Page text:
“I hit 5-iron 183 yards”

When I hear someone say something like this I want to say…

“No you don’t, you hit 5-iron between 165 and 185 yards and where it is in that range is anyone’s guess.”

I know I sound like a complete jackass, but I will risk that moniker if it makes one player give up on this “perfect golf” and it makes their game better.

Anyone who doesn’t have their yardages in increments that end in five or zero are fooling themselves…even PGA Tour players. Every caddy on the PGA Tour makes fun of every player who doesn’t have five and zero increments.

Fluff is well known for calling players out on this.

So if it is a joke for a Tour player to have a yardage that ends in a 2 or an 8, what does that say about a 5, 12 and 20 handicap?…LOL.

I will prove it to you. If Tour players knew their yardages down to 182 or 183, how come even the best players playing the best on Sunday pose over a shot from the middle of the fairway, with no wind, no elevation change and the ball flies 40 feet short as they pose over it. That is a 13.3 yard mis-judgment.

A 5 iron that is 12 feet below the hole is a , world class shot, yet a 4 yard mis-judgment.

The old time players didn’t even use yardages or yardage books, they did it by feel and sight.

My point is not to make fun of everyone…well actually part of it is…my point is actually to get people out of this way too serious and precise way of playing the game…it doesn’t help, it makes things worse.

Stop taking yourself so seriously and get some nice round numbers for your yardages. It will help you have more fun and shoot lower.

It’s not about reality. It’s a symbolic gesture to use a round number because no one has exact yardages.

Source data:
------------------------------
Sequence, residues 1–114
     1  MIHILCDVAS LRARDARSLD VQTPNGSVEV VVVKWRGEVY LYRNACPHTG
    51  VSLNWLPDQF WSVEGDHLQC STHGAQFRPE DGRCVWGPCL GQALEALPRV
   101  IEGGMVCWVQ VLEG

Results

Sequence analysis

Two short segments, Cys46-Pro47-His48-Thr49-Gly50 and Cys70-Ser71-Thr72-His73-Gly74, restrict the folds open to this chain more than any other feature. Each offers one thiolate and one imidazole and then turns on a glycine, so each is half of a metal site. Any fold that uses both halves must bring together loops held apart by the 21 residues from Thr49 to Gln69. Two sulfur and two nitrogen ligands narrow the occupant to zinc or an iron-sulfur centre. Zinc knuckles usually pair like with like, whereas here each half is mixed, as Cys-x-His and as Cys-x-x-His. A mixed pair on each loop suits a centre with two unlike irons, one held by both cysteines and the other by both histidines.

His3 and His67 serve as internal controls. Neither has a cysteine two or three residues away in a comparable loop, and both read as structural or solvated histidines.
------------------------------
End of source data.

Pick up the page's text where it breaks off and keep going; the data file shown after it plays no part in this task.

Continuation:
It’s a step in making an effort to not be so exact.

The analogy. When someone asks you what time it is, you don’t say about 4:57…you say it’s about 5 o’clock.

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19 Comments

  1. Calvin D

    Beautiful.

    There are holes on my course where I hit several clubs less than the precise yardage
    and other holes where I hit several clubs more than the precise yardage. If you live and die by precise yardage you are cheating yourself out of one of the real pleasures of playing golf. Yardage is only one factor among others for club selection. I would like to see Monte’s list of possible clubbing factors.

    Reply
  2. s.

    I think it makes more sense to know how far you CARRY the ball, rather than how far it goes.

    How far it goes would depend on launch angle, wet or dry conditions, length of the grass, slope, etc.

    If someone told me they hit it 183, the first thing I’d think of (besides this column) is, “Do you know how far you carry it”?

    Reply
  3. Michael

    I can’t talk, for the longest time I knew my 7 iron carried 157 yards from divot to ball mark. FWIW, I called it my 160 club unless there was something I had to carry that wasn’t worth trying to muscle up another 3 yards

    Reply
    • Monte Scheinblum

      An example of how people should look at it. Well done.

      Reply
      • meateater

        Monte, I think you may have inadvertently hit on something crucial to your getting back on Tour. Clearly you have a problem not being able to specify to the exact yard your distances. What do you think the top guys like Harrington are doing when they take 15 minutes to get off a stock 150 yard shot? They’re runnng the numbers, calculating the precise effects of wind, elevation, lie, trajectory and a hundred other things too complex for guys like me to even understand. I suggest you work with a teacher like a Peter Kostis who understands the nuances of the modern game. Hooking up with a psychologist to tune up your obviously deficient preshot routine would not be a bad idea either.

        Just trying to help man.